In talking with family, friends, clients, and BPA members, I have heard of so many tear-filled stories where people in larger bodies are lectured for eating too much or moving too little when in reality they eat/move perfectly. When you’ve done everything “right” and yet you’re made to believe your body is still “wrong” it is NOT your fault.
My hope is that one day you can stand up for yourself, but in the meantime I will continue advocating for you (crying included).
Love much,
PS – If you’re feeling brave but need some extra support before your next doctor appointment, a colleague of mine created a fantastic resource: Weight Decline Card. I also recognize that sometimes requesting you not be weighed is more uncomfortable than being weighed, especially if you’ve been shamed previously and a confrontation feels unsafe. Please send me an email if you would like someone to advocate from afar and I will reach out to your care provider on your behalf.

What kind of a relationship does your child have with their body?


There’s nothing wrong with you.  You’re not broken.  You haven’t failed.  You are enough, exactly as you are right now.


We live in a world that is constantly telling us that something is wrong with the way we think, feel, act, and look.  This is the world we were born into and grew up in.  And unfortunately, this same world is what our kids are expected to survive in every day.
What kind of a relationship does your child have with their body?  If they’re young, hopefully it’s still a positive one…  According to Alissa Rumsey, “the majority of kids are more afraid of being fat than they are of cancer, war, or their parents dying.”
The best way to inspire your child to have a positive relationship with their body is to model a positive relationship with YOUR body.
Praise their body, and yours, for what they can do (not how they look).  Remind them, and yourself, that all bodies are good bodies!  Take turns sharing examples of body gratitude: arms to hug, eyes to see butterflies, ears to hear music, laps to cuddle, etc.
Move their body, and yours, in ways that are fun.  Encourage them, and yourself, to notice how their body feels while they work and play.  Does running make you feel fast?  Does lifting something heavy make you feel strong?  Joyful movement is an opportunity to celebrate bodies, not punish them!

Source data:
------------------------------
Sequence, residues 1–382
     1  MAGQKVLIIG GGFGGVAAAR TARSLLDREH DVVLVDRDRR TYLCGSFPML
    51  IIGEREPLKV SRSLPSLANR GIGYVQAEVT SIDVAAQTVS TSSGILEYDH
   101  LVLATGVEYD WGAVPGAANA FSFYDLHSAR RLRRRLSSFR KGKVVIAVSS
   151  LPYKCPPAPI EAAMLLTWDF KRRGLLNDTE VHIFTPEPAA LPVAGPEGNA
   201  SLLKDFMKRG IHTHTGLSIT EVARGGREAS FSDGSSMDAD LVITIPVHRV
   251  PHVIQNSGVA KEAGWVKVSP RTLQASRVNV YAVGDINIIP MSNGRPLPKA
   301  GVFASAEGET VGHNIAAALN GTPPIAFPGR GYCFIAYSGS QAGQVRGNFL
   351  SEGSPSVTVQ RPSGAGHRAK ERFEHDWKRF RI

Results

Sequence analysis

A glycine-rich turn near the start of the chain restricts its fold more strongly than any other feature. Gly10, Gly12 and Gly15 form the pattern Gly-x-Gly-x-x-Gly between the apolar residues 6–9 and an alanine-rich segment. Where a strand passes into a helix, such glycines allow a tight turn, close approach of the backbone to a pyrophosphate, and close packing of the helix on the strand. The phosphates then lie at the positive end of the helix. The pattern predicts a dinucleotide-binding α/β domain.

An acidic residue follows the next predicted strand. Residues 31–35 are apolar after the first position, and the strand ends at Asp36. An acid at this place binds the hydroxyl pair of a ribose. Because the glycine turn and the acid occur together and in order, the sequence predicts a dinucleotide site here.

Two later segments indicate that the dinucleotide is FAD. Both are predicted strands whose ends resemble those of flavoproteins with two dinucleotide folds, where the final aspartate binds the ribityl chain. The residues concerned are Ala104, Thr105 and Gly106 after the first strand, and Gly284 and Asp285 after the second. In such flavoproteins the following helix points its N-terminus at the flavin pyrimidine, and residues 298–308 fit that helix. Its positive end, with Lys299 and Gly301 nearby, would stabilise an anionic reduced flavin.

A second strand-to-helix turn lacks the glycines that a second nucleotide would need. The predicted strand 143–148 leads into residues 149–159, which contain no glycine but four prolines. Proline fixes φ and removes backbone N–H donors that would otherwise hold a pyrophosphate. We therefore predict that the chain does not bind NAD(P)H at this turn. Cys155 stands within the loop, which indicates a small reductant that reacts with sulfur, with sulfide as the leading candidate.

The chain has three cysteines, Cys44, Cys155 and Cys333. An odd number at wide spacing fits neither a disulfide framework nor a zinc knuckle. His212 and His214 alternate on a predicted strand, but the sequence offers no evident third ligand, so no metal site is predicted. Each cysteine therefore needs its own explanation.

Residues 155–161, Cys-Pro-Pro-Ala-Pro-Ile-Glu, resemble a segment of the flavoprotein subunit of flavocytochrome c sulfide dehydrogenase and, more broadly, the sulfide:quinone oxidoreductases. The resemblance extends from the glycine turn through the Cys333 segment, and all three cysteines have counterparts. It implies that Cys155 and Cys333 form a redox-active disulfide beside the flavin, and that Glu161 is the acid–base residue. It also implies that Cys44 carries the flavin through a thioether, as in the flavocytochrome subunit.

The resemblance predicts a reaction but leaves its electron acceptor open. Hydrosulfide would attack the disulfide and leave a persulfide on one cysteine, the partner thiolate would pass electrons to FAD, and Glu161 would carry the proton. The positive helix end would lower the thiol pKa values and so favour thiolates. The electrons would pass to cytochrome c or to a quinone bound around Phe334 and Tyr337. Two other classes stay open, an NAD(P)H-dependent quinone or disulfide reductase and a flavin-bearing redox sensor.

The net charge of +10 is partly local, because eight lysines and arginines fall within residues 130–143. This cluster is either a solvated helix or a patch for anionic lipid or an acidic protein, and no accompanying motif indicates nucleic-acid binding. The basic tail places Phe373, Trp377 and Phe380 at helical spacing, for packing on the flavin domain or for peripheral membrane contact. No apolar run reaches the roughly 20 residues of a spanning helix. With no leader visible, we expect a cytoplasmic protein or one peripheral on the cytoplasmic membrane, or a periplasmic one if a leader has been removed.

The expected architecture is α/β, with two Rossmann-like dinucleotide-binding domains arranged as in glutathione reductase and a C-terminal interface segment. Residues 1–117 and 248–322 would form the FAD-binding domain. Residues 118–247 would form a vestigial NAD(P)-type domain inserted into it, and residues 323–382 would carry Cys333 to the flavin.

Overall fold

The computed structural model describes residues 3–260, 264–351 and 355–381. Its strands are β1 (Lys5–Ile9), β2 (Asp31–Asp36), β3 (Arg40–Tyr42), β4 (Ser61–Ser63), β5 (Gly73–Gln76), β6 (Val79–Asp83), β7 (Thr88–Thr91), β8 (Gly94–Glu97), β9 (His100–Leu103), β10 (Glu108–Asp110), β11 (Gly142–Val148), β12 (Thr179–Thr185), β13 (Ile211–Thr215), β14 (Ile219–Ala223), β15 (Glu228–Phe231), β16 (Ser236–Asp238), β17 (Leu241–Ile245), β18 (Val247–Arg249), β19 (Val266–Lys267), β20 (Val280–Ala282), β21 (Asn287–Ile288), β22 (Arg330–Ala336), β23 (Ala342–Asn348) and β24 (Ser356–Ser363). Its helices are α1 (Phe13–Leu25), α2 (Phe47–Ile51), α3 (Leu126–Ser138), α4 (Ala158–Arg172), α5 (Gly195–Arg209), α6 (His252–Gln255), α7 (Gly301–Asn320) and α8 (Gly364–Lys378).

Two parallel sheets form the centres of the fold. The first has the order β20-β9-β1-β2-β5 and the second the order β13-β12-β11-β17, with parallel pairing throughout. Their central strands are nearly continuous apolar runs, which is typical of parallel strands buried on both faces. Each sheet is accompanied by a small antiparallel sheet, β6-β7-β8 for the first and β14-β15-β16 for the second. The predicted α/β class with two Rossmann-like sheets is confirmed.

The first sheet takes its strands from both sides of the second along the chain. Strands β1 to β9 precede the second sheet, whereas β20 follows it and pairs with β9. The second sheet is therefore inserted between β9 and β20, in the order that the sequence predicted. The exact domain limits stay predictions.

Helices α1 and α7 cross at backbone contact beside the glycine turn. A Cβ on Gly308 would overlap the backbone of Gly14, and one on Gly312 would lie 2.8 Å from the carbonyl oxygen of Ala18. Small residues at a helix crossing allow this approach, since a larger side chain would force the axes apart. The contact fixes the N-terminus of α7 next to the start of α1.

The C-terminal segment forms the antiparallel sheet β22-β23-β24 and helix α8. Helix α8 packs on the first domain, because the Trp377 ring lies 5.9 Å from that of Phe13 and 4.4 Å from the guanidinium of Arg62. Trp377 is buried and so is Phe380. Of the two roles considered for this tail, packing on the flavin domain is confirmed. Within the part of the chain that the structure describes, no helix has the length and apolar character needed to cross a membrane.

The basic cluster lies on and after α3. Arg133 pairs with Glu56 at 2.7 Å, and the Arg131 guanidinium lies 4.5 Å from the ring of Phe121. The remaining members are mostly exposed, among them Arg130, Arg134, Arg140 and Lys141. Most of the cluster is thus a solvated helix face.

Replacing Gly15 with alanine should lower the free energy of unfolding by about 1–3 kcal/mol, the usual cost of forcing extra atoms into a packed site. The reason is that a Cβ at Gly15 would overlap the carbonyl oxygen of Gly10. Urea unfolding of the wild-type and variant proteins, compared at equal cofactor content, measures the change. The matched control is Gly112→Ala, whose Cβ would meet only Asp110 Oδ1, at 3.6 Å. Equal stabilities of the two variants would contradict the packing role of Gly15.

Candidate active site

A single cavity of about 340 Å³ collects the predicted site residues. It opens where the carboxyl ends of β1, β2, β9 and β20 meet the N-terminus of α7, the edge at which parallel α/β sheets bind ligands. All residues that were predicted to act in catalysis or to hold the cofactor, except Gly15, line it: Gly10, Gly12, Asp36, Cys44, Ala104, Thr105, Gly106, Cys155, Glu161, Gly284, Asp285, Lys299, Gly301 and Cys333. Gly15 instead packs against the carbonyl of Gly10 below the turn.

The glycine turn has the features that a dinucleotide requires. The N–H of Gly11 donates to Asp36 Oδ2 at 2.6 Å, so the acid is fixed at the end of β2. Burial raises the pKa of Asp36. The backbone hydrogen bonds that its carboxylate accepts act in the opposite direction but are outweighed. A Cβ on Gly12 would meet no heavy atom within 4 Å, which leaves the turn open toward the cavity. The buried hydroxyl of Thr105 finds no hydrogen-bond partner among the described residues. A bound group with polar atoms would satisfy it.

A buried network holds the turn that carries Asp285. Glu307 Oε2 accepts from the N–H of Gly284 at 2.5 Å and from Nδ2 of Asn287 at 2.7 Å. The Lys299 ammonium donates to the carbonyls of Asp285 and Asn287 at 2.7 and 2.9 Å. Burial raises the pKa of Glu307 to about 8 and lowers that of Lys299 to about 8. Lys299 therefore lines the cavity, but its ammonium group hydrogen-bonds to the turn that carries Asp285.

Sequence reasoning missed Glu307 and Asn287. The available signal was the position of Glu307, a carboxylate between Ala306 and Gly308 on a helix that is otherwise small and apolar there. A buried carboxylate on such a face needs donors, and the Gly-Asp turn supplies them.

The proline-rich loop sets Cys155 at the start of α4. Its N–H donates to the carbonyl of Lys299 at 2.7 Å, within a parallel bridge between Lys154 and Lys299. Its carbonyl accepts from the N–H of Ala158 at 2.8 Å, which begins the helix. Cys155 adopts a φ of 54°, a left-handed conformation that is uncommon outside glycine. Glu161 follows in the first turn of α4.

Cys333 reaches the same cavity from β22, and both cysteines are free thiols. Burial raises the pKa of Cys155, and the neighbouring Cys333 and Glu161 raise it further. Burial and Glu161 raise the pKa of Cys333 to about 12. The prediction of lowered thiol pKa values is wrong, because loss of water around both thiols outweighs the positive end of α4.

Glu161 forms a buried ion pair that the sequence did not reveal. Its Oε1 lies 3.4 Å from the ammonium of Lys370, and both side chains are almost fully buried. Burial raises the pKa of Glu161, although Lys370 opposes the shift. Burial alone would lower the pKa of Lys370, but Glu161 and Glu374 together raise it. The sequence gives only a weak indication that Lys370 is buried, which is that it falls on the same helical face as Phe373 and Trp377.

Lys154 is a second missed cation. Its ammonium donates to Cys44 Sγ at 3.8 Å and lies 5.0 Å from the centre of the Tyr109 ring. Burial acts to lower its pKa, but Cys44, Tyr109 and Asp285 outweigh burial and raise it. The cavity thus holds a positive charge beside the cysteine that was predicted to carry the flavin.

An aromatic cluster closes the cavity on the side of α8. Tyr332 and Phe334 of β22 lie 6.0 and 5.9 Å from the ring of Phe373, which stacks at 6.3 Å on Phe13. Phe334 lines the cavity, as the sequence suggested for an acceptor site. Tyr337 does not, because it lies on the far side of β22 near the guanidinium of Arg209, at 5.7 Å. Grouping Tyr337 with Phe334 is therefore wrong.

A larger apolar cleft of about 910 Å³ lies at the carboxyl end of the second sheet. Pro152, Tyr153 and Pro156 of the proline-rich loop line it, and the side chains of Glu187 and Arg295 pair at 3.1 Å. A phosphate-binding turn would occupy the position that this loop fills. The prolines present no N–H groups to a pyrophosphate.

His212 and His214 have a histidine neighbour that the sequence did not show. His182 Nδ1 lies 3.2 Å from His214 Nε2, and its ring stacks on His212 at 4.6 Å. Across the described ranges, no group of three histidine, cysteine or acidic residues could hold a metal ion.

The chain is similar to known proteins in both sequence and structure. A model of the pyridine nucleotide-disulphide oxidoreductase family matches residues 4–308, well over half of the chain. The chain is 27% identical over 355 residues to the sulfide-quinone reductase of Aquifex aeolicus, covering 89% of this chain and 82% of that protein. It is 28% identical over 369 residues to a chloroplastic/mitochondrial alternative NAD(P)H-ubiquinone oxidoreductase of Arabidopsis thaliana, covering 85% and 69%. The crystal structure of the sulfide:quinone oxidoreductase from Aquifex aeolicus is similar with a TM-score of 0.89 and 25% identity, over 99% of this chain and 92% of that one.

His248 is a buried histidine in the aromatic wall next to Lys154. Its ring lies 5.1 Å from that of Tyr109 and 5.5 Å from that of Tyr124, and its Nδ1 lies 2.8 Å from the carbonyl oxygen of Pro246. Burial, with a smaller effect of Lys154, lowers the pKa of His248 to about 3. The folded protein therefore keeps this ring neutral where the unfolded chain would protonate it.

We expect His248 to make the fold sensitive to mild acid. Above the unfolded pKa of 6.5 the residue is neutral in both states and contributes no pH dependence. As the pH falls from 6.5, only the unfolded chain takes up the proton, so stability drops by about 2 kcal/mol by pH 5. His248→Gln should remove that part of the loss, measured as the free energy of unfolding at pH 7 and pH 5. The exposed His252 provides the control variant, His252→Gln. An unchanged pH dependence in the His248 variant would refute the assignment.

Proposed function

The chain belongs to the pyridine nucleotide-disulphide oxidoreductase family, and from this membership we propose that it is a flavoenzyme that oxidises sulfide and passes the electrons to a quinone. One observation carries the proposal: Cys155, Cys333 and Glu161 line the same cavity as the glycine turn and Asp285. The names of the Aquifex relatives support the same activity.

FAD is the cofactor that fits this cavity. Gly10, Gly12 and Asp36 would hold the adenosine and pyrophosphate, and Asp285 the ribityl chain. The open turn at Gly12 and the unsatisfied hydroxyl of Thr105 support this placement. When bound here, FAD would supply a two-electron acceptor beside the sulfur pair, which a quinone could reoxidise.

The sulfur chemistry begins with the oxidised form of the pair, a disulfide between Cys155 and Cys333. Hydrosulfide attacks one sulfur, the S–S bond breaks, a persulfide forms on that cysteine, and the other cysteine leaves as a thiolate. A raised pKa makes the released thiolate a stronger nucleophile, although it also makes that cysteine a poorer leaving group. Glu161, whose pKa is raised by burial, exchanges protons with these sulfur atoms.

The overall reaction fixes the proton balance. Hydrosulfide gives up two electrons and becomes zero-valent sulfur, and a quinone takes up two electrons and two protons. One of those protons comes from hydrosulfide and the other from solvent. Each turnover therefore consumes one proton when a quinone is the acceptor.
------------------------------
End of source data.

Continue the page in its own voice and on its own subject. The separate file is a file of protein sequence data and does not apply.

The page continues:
Nourish their body, and yours, with a variety of foods.  Eat with them (aka. stop making special “mommy meals” that are different than what you serve your family)!  If they see you counting calories they will start to worry about eating too much.  If they hear you judge food as good or bad they will start to worry about what their food preferences say about them.  Food is all about connection, so find ways to enjoy rather than avoid eating.


Whether you realize it or not, you‘re already in a relationship with your body.  What kind of relationship is it, what would you like it to be, and how does it affect your other relationships?  Because I promise, your littles will remember your infamous cannonballs over your poolside cellulite.  They’ll grow up with fond memories of cake decorating instead of diet hopping.  And perhaps most importantly, a positive relationship with your body will become THEIR legacy.


Your body doesn’t need to change, your worldview does.  As my friend Julie Newbry once said, “when you’re focused on your shape, you can’t shape the world.” What kind of world would be possible if all bodies were good bodies?  What kind of world do you want to live in?  What kind of world do you want to help co-create with the youth in your life? 
I’ve said it before, but I’m going to say it again: There’s nothing wrong with you.  You’re not broken.  You haven’t failed.  You are enough, exactly as you are right now.